Chinese State Councilor and Foreign Minister Wang Yi met Mullah Abdul Ghani Baradar, the political chief of Afghanistan’s Taliban, in Tianjin, China, in July 2021.

After two decades of the United States’ costly and bloody efforts to support the Afghan government, the Taliban has stunningly retaken control of the country, posing new risks – and opportunities – for neighbouring China.

China’s foreign ministry spokeswoman Hua Chunying said on Monday that China “respects the wishes and choices of the Afghan people”, and hoped the Taliban’s declarations that it would transition the country under an “open, inclusive Islamic government” and ensure the safety of Afghan citizens and foreign missions would be carried out accordingly.

“China expects these statements to be implemented to ensure the situation in Afghanistan achieves a smooth transition, curbs all kinds of terrorist and criminal activities, and allows the Afghan people to be far away from war and to rebuild their beautiful homeland,” the spokeswoman said.

For Beijing, the Taliban’s rapid takeover of the capital Kabul and presidential palace on Monday raises fears that turmoil and instability could spill over into its highly sensitive, western Xinjiang region; particularly that Afghanistan may become a base for terrorists and extremists fighting for the independence for the largely Muslim region of Xinjiang; eventually hurting China’s strategic investments under the sweeping Belt and Road Initiative.

The dramatic collapse of the Afghan government comes with devastating losses for the US – increasingly a strategic rival for China – as its nearly 20-year war ends as it began with Taliban rule and the sight of helicopters evacuating its diplomats in an unmistakable parallel with its withdrawal from Saigon in 1975.

While China had been wary of US presence in Afghanistan, it was also benefiting from the relative stability brought by the US over the past two decades.

Beijing has not explicitly said it will recognise the Taliban as the new leaders of Afghanistan but analysts say it will inevitably continue engaging with the militant group which has described China as a “friend” to Afghanistan.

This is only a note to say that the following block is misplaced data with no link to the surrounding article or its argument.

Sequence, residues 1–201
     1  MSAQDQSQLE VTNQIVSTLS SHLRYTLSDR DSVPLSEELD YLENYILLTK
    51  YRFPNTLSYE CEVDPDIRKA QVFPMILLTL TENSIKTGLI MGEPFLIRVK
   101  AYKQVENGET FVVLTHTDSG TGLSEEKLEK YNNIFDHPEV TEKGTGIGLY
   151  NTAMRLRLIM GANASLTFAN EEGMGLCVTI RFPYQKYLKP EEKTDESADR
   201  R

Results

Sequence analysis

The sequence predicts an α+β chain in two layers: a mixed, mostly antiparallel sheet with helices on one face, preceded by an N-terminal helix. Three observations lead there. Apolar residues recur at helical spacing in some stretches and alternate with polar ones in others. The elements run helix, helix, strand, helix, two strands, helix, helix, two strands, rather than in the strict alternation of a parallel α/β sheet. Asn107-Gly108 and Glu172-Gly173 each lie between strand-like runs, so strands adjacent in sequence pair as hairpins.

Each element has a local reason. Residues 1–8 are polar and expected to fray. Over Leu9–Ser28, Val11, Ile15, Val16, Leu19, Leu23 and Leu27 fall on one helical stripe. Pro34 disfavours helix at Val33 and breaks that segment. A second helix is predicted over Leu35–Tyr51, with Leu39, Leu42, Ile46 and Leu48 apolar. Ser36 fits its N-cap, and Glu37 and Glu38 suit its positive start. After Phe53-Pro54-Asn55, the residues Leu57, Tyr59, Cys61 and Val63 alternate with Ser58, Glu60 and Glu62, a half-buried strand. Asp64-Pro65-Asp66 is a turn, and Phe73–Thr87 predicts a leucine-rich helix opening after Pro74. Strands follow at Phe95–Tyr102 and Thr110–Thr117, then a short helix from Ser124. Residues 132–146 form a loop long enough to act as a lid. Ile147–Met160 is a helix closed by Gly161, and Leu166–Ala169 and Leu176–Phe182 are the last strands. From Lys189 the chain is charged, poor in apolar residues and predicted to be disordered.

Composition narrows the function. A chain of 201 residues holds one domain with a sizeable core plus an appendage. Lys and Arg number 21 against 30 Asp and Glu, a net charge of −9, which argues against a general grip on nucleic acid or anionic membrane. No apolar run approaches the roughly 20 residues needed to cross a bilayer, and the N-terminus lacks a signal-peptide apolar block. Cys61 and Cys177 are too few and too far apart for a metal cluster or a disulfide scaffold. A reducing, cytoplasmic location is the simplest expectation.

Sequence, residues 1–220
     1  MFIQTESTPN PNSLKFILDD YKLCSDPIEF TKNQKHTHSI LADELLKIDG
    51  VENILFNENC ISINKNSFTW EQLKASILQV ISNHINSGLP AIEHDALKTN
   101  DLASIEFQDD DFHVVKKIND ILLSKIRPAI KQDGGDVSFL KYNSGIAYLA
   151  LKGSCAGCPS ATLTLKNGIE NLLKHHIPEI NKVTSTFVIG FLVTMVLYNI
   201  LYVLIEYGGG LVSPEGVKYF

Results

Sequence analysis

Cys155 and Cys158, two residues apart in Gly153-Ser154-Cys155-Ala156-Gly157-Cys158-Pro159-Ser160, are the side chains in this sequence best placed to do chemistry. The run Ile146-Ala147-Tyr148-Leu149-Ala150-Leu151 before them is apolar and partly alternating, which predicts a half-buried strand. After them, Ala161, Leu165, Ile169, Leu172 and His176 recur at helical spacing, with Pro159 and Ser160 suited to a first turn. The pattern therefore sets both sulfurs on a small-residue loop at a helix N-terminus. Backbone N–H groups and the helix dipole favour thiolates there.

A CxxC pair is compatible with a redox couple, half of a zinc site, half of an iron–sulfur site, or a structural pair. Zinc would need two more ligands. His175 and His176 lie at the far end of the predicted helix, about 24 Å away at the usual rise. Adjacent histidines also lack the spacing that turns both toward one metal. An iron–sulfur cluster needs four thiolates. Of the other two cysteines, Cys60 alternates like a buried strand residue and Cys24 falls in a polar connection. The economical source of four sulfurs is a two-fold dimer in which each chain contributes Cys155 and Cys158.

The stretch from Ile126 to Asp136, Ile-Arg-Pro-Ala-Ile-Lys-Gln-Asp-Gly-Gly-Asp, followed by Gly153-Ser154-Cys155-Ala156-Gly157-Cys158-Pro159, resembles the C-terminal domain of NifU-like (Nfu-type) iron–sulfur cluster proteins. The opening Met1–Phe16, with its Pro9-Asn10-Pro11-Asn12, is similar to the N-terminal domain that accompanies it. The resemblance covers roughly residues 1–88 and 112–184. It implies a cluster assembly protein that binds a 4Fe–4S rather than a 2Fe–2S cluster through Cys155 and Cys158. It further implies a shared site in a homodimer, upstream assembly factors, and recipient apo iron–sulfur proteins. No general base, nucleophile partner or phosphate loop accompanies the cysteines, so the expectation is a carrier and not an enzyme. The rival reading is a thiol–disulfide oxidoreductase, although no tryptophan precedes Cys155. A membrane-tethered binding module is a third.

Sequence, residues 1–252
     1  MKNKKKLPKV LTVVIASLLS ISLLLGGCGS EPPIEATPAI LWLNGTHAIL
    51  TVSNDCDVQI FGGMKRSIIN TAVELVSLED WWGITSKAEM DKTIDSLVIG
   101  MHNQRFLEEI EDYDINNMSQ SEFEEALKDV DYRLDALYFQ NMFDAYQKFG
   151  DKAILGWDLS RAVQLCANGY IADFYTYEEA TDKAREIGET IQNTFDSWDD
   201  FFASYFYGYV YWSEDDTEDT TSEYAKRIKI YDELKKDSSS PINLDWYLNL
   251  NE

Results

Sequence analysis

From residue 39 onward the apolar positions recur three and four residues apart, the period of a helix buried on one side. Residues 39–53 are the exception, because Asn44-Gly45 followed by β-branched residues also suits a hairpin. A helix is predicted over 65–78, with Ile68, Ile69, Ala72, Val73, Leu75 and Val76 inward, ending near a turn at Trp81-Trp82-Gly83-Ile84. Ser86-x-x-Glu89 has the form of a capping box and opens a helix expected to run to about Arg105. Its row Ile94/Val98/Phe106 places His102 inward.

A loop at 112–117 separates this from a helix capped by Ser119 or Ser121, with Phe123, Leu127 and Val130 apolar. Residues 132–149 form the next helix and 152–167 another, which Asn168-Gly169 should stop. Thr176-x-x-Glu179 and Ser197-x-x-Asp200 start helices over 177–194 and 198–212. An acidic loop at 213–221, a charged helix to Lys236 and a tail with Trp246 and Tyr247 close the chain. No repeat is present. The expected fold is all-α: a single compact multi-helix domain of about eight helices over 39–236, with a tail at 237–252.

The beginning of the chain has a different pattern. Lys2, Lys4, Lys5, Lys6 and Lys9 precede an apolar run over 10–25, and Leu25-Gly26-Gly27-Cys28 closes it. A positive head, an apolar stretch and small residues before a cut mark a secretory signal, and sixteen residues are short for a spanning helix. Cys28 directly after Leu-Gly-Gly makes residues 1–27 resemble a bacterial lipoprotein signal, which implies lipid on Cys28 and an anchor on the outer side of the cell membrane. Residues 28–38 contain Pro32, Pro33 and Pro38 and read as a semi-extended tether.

When asked if Beijing would recognise the Taliban as the legitimate leaders of Afghanistan, foreign ministry spokeswoman Hua did not answer directly, saying China has “maintained contact and communication with the Taliban” and that it respected the country‘s sovereignty and its various domestic parties.

“Afghanistan’s Taliban has expressed many times a desire for good relations with China, with an expectation that China will take part in Afghanistan’s rebuilding and development process, and will not allow any forces to use Afghanistan’s soil to harm China,” she said. “We welcome this.”

The Chinese embassy in Afghanistan is continuing to operate as normal, and its ambassador and embassy staff will remain in their posts. Most Chinese citizens in Afghanistan had earlier returned to China, but the ones who remained behind are in close contact with the Chinese embassy.

While China may not be directly involved in the ongoing power transition, Beijing will play an active role in the rebuilding process to secure its interests, observers said.

“China will play a more important role in Afghanistan, but this will have to wait until the security situation is more stable,” Du Youkang, a former diplomat and international affairs researcher at Shanghai’s Fudan University, said.

“The Taliban already has taken control of most of Afghanistan but many of the smaller places and other forces have not been fully sorted out, and the situation is still rapidly changing, so there will still be a process for the entire situation to be stabilised,” He added.

Earlier in July, One of China’s main concerns – raised in a meeting with senior Taliban leaders – was the future of the East Turkestan Islamic Movement (ETIM) which Beijing has blamed for unrest in its Xinjiang region.